'I was so cocksure with Jimi': How rock photography pioneer Gered Mankowitz captured Hendrix and the cream of the 1960s

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Gered Mankowitz wasn't yet 21 when his pictures captured London's groovers at their hippest. As the portraitist prepares to put his Hendrix archive on show, Nick Coleman meets the man who invented rock photography

You will be familiar with Maurice Williams & the Zodiacs' 1960 pop-R&B hit "Stay". Of course you know it. It's one of the great teen-lust anthems. It judders a lot. It protests, not without vigour, that your mama won't mind and your daddy won't mind either. No, really. They won't. Not for the duration of one more dance. And a kiss. And, well...

"Oh won't you sta-a-ay," it pleads, "... just a little bit longer." There. Getting it now?

Perhaps you're thinking of the Jackson Browne version or the Four Seasons one or maybe the rip-snorting Lancastrian filibuster perpetrated by our own Hollies. Whichever you know best, try to hold that shuddering, plaintive, horny sound in your mind as you contemplate the following episode from the life of the photographer Gered Mankowitz.

"Stay" was the 14-year-old Mankowitz's favourite record and he just happened to be rocking along as it played on his parents' stereogram in the sitting-room of their home in Kent one Sunday morning in 1960. They were expecting important lunch guests: the great actor Charles Laughton and his wife, Elsa (Bride of Frankenstein) Lanchester. Gered's father, the author and screenwriter Wolf Mankowitz, was getting ready to mount a new London production of Ionesco's Rhinoceros and was attempting to cast the ailing but still imperious Laughton.

But still, it was Sunday morning. The front door had been left open to the sunshine and the house was billowing with the sound of Maurice Williams' unchained hormones. "Oh won't you STA-A-AY..." At which point Laughton rolled into the sitting-room like a Roman senator and bellowed "TURN THAT BLOODY NOISE OFF AND TELL YOUR FATHER THAT LAUGHTON IS HERE!"

This was not actually the moment in which Gered Mankowitz resolved to devote his life to the art of photographing famous musicians, but it was almost certainly the moment which decided that Mankowitz would never again be frightened of famous people.

Fast-forward seven years. Jimi Hendrix is catting around Mankowitz's photographic studio in Mason's Yard, Mayfair. The studio is sandwiched in a corner between the Scotch of St James club, which Hendrix has only recently reduced to a smoking rubble, metaphorically speaking, and Indica Gallery, which has just hosted the party at which Yoko Ono says she first met John Lennon. In 1967, Mason's Yard is what we'd now call a hub. It is the middle of the wheel where all the spokes of ultra-hip London meet, a place you go to hang out off-handedly while comparing credentials and clobber with everyone else. You cannot consider yourself to be happening unless you have Mason's Yard somewhere on your personal narrative. Gered is not yet 21.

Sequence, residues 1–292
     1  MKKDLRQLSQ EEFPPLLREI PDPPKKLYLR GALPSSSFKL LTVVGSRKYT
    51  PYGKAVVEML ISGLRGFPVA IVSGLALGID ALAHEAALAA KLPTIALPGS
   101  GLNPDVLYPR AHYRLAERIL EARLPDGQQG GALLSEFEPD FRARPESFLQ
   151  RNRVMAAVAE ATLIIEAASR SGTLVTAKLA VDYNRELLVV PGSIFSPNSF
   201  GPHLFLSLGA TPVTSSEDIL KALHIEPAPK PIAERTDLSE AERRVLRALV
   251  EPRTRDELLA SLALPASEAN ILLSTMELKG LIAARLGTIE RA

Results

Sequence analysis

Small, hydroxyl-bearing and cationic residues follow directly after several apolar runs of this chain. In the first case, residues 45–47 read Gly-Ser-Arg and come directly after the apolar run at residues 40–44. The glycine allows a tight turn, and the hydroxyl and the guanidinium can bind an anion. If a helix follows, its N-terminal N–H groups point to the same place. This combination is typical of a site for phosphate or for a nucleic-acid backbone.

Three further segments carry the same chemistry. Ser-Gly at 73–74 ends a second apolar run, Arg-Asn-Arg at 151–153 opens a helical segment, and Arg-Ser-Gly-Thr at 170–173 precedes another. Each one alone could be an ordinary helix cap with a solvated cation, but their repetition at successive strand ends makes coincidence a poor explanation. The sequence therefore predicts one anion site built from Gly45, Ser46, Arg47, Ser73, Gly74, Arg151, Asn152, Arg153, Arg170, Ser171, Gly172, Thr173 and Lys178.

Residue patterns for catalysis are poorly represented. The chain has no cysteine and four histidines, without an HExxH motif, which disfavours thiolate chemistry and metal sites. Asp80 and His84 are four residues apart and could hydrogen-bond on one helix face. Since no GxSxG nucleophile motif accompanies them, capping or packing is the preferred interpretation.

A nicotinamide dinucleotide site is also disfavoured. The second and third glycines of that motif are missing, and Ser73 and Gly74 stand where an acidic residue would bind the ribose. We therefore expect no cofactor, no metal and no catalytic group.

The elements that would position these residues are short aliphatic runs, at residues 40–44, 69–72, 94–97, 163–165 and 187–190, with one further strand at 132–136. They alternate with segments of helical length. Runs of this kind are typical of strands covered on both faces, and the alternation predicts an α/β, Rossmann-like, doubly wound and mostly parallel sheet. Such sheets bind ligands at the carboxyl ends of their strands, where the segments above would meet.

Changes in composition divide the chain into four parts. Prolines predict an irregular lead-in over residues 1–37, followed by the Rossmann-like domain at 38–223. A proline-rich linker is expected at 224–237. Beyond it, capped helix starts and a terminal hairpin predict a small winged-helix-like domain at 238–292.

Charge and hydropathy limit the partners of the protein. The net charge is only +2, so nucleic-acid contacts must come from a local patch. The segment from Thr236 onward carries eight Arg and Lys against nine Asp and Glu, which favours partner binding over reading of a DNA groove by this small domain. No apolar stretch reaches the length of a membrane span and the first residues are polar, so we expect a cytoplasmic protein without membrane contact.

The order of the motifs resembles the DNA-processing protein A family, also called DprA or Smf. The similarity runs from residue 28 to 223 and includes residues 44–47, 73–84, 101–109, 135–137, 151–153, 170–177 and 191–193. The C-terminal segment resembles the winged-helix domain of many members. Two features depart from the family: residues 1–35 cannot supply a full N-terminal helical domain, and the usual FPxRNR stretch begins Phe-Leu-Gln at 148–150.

In February 1967, Hendrix is absolutely the most happening thing in Mason's Yard – has been for all of the year so far and for the latter part of the previous one. He has freaked out every guitarist in London and outdressed everyone else. His part-African-American, part-Cherokee, part-Euro-American blood has made English blood cook with excitement at the mere thought of his proximity.

Hendrix stares blankly into the camera. He giggles at it. He puffs on a cigarette. Twists his mouth to exhale, narrowing his eyes against the cloud. He hunches. He slumps. The frogged English cavalryman's jacket that hangs from his shoulders describes a new geometry. He squares his feet, empties his eyes, puts his hands on his hips and gives the lens the opportunity to get its act together. Hendrix does everything but strike pop-star poses. But then he wouldn't. The last thing anyone wants to be taken for in early 1967 is a pop star, not if you're aspiring to true hipnitude.

"I didn't really think about this until recently, while I was preparing the exhibition and the book." Mankowitz is sitting perkily at a table in the back-room of a Piccadilly tearoom. It is now the long hot summer of 2010 and he is about to exhibit his Hendrix archive, some of it for the first time, in a gallery around the corner in Piccadilly Arcade. "But this was an absolutely fantastic time for Hendrix. He was enjoying all the attention. He seemed to be relishing that he was out in front. The Man. And he was really affected by the way London embraced him. Like all black American musicians at the time he'd been segregated at home on to the chitlin circuit or the back line [of the band], fined by Little Richard if he stole too much attention. And here he was in London, encouraged to express himself in whatever way he wanted, and everybody loved him. He was having a great time. It felt as if we were at the beginning of something..."